Fortunately, this equation is much simpler than the last one.
In words, this tells us that all of the magnetic flux normal to an enclosed surface will equal zero. In more words, this says that the net movement of a magnetic field through a volume, like a sphere or rectangular prism, is always zero.
Let’s first discuss what a magnetic field is and what magnetic flux represents then we can put it all together.
What is a magnetic field?
Unlike an electric field, where you can find solo positive and negative charges that emit their own “push” and “pull”, magnetic fields are created from a pair of poles: the north and south poles. Just like with positive and negative charges, like repels like and opposites attract.
The north pole behaves like a positive charge and “pushes” out from itself and the south pole behaves like a negative charge and “pulls” in towards itself.
Remember, there’s no actual force, it’s just the direction that the field travels. A magnet alone isn’t moving around trying to find other magnets. Force and movement occurs with the interaction of magnetic fields, like when you toss a magnet onto another. The magnets flip and move and try to fit together because their magnetic fields are interacting.
But why are some materials magnetic and some not?
Magnetic fields are induced by the movement of electrons. Permanent magnets have an atomic structure where electrons are positioned around the nucleus and have the same spin following the Pauli Exclusion Principle. We don’t need to worry too much about the why since this enters into electron configuration and quantum number territory and is outside the scope of this post.
However, I do want to present a similar example that illustrates this concept. Imagine two rows of panels that have the ability to rotate. If the panels are all aligned and we introduce some air flow parallel to the panels then the most of the air flow is unobstructed and reaches the other side.
On the other hand, if some of the panels are rotated, some of the air flow is obstructed and doesn’t reach the other side.
While this isn’t exactly what happens with electrons and magnetism, it’s a similar concept that relies on the arrangement of the medium that what we’re observing is flowing through. In other words, if we have just the right electron configuration throughout a material we get more magnetism. So materials like lodestones and other ferromagnetic materials have that right alignment for permanent magnetism, while other materials like plastic or lead don’t.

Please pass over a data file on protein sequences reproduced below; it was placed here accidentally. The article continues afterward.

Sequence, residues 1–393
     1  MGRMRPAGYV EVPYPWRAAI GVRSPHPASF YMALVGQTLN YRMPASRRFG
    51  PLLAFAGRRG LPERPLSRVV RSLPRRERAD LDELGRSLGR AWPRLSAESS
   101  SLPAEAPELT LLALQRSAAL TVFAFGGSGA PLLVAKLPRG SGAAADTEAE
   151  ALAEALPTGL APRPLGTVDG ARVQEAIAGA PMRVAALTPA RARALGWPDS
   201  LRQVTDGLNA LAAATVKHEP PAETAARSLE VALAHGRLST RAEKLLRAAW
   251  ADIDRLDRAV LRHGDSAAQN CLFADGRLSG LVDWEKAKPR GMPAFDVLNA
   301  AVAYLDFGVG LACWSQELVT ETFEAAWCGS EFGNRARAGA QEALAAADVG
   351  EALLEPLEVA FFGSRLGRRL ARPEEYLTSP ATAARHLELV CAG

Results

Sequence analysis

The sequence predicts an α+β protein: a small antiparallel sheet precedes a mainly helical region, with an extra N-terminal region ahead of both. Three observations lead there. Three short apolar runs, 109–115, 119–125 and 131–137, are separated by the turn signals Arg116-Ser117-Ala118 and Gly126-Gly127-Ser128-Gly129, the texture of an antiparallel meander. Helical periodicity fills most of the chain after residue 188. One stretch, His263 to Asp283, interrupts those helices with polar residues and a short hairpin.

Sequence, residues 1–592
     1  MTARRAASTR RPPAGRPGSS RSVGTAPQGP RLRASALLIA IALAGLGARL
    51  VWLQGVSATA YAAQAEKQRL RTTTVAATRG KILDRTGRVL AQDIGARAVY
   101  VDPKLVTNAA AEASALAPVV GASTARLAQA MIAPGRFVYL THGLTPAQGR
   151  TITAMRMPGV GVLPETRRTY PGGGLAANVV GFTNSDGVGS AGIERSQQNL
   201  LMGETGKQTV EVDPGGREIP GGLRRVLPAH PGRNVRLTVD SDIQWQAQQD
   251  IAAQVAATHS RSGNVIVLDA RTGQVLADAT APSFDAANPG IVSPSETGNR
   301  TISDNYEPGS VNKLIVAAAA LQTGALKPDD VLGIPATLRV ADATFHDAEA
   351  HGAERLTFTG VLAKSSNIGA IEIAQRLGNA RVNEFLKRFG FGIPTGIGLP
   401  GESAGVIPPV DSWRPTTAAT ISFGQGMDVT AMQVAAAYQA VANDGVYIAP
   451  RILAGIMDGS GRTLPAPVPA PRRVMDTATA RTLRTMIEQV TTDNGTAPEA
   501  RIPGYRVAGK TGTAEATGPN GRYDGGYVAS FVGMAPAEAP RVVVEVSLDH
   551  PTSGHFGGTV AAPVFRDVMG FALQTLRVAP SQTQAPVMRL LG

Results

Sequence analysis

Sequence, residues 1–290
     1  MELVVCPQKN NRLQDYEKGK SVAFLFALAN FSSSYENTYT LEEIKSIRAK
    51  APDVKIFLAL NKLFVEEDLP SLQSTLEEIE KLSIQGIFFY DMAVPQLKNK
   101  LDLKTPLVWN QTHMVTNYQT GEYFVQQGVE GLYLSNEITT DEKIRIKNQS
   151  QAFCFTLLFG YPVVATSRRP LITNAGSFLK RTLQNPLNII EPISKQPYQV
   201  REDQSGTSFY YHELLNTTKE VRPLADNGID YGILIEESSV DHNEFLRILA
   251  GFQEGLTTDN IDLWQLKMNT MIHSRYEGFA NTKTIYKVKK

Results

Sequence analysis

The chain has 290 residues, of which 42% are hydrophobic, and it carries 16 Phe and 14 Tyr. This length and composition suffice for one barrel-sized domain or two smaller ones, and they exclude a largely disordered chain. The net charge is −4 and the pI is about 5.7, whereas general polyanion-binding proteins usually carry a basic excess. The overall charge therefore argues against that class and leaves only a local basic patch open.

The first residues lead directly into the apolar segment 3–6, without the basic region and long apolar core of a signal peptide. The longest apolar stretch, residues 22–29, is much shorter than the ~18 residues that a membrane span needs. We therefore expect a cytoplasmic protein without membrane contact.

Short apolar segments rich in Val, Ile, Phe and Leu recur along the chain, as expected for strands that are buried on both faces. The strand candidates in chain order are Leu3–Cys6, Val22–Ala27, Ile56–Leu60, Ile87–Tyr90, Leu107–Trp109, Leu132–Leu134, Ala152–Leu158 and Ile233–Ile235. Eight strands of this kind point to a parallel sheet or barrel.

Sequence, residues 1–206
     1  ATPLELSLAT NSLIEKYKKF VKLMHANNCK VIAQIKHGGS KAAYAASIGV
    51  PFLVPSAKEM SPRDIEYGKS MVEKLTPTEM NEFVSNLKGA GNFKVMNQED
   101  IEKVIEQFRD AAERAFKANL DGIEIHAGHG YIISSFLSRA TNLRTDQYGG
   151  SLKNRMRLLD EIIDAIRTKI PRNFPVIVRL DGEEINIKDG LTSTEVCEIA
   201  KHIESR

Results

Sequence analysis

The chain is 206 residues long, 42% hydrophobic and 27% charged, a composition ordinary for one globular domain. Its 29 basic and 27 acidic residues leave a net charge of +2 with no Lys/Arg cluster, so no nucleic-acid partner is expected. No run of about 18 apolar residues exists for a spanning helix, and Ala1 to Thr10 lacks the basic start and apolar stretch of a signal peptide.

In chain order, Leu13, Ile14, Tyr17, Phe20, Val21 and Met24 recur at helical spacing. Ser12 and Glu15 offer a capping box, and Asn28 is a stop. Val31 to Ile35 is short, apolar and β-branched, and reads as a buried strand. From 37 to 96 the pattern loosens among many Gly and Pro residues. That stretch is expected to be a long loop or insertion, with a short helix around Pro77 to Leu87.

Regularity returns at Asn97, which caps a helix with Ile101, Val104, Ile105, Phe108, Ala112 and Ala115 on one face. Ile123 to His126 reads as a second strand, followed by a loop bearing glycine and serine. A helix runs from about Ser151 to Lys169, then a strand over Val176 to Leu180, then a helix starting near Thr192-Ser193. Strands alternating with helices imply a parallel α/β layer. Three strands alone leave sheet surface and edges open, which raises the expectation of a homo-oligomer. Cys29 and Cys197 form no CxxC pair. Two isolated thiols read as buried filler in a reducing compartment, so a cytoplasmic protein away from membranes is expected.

What is magnetic flux?
Magnetic flux is how much of a magnetic field is passing through a surface. If we used the image of the magnetic field above and had a fake wall across the magnet, we can understand visually what this means.
The number of lines in this image passing through the wall would be the magnetic flux.
However, physicists/scientists don’t actually count the number of invisible lines to get the flux. They measure the magnetic field with a magnetometer and multiply by the area of the surface they’re concerned with.
Putting it all together
If I had a simple bar magnet, like the example above, and put a Gaussian sphere around it, the amount of magnetic flux through the surface would be zero.
That’s what the equation tells us, yes, but why is this the case?
Let’s use the bar magnet again — since I already drew it — and imagine that bar inside of a sphere.
The magnetic flux through the sphere’s surface is simply how many of those lines travel in and out of the sphere. We can completely ignore the normal component of the magnetic flux since this equation’s core concept is easily understood without math.
Given that the magnetic field is symettrical then the magnetic flux coming out of the north pole and out of the sphere is equal to the magnetic flux coming back into the sphere and into the south pole on the other side. If we introduce magnitudes into this example then the flux would be equal and opposite and, therefore, be zero.
The net flux is zero only because magnetic fields are generated from dipoles; you will never find the north pole without its south pole.